Creature Comforts

posted Sep 10, 2010, 10:43 AM by Paul Wagner   [ updated Jun 16, 2013, 11:14 AM ]
Despite the fact that we have to carry everything on our backs, on every pack trip, we take a few things that aren’t absolutely necessary.   But over the years, there are a few things we’ve really come to appreciate, even though  they add a bit to the weight of our packs.  What are they?   In the Sierra Nevada, you can forget your American Express card, but don’t leave home without these!

Well, the first one we’d mention is a tiny little set of folding plastic feet that open up to give our stove canister a little broader base on the ground.  It probably cost about $10, and weighs about two ounces.  And we’ve come to love it.  Heating boiling water on a tiny stove in the mountains is hard enough without having to worry about the stove falling over…and this little gadget solves that problem perfectly.  It fits right into our cook pot with the stove, and adds a good two inches on every side of the stove for stability.  


Then we’d add our closed-cell foam seats—two 8 X 16 inch rectangles that P cut from an old sleeping pad.  We just wedge them in the bungees on the backs of our packs and pull them out every time we sit down, on the trail, or in camp.  And you wouldn’t believe how nice it is to have these to kneel on when you have to spend some time over the stove, fixing the tent, or any number of other things that require a little humility in the mountains.  At night, P uses these as the base of his pillow, too.  Cost?  Free.  Weight?  Two ounces. There's one underneath P at left...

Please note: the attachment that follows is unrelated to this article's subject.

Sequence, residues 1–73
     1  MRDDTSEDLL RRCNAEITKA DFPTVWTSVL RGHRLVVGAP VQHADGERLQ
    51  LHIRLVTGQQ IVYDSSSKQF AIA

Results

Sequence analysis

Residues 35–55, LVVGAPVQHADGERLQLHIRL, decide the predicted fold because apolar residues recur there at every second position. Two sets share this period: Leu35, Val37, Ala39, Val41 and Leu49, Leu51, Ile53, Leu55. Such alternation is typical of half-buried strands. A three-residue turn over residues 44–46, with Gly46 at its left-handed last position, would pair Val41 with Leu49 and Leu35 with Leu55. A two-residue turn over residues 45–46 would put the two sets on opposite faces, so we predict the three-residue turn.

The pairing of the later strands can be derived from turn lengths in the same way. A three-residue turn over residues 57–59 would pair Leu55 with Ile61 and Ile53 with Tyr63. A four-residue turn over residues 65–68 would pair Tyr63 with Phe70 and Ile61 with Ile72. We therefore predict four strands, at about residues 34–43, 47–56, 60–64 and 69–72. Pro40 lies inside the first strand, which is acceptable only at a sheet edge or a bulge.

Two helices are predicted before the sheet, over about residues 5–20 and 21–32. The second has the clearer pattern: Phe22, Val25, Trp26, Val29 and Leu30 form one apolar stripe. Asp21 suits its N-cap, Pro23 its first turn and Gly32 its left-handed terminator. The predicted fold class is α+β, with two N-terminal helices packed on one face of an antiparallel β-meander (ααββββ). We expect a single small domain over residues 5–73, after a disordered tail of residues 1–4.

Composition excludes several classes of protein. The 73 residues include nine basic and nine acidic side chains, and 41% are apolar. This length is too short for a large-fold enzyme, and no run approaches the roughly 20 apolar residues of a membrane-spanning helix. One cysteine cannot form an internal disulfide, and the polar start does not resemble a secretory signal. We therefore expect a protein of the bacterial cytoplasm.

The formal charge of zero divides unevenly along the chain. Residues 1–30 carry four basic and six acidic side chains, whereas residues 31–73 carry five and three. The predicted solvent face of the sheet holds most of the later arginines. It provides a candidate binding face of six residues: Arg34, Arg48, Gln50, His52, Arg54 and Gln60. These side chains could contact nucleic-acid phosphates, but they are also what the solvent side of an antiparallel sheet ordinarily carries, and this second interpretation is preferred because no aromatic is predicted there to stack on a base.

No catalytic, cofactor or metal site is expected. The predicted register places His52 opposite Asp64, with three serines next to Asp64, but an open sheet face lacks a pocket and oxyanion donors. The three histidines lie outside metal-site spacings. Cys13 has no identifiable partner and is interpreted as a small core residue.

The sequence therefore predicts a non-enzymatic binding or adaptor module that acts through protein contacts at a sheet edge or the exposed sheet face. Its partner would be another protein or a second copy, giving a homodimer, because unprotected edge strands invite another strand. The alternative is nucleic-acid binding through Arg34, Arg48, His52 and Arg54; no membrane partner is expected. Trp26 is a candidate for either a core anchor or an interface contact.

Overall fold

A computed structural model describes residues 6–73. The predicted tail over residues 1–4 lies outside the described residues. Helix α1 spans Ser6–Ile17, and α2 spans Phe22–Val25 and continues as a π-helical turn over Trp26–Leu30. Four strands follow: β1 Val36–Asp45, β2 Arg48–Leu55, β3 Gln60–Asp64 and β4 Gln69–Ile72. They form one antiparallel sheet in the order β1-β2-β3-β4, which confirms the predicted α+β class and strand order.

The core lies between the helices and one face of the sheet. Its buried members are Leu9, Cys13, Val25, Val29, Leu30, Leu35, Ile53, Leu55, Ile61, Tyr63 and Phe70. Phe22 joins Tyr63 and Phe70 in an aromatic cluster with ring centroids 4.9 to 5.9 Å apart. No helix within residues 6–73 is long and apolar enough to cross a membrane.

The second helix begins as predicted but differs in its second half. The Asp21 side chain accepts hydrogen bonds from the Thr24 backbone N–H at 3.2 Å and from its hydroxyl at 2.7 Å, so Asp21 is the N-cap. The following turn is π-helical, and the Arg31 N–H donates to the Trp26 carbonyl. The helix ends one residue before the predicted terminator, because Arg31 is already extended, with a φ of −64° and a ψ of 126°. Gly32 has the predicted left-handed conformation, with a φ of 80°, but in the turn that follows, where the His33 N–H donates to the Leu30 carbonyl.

And our mosquito headnets weigh only one ounce.  We almost forget they are in our packs, until…well, you know when.  And when we need them, they feel like the difference between life and death by mosquitoes.  


The last item weighs a bit more, but over time we’ve also come to really appreciate the Crocs we bring along as water/camp shoes.  They are great for wading streams, keep our feet protected a bit, and dry very quickly.  And around camp it is lovely to get out of your boots (and sometimes your socks, too) and just loll around in comfort.  Why not just go barefoot?  Because the last time P did that, at Benson Lake in Yosemite, he managed to get a pine needle stuck in his foot and it took a fair amount of digging and pain to get it out again.  These weight about 11 ounces, but we jam them in the bungees with the seats above, and every time we come to a stream, we just slip them out and slip them on.  P's got them on his feet in the photo below left...pure comfort in the backcountry, even fishing along a snowbound creek!

 P after an afternoon of fishing Laurel Creek...complete with snow on his Crocs, pink toes...and a smile on his face.©

Creature comforts aren’t such a bad idea in the wilderness, as long as they don’t weigh too much!